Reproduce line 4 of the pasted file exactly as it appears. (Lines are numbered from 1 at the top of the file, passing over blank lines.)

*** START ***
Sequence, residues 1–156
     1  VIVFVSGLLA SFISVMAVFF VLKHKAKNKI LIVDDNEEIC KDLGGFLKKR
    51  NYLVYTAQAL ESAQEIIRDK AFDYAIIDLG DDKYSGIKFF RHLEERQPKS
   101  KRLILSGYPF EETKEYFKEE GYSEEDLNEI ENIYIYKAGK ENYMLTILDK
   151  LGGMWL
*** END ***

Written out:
   101  KRLILSGYPF EETKEYFKEE GYSEEDLNEI ENIYIYKAGK ENYMLTILDK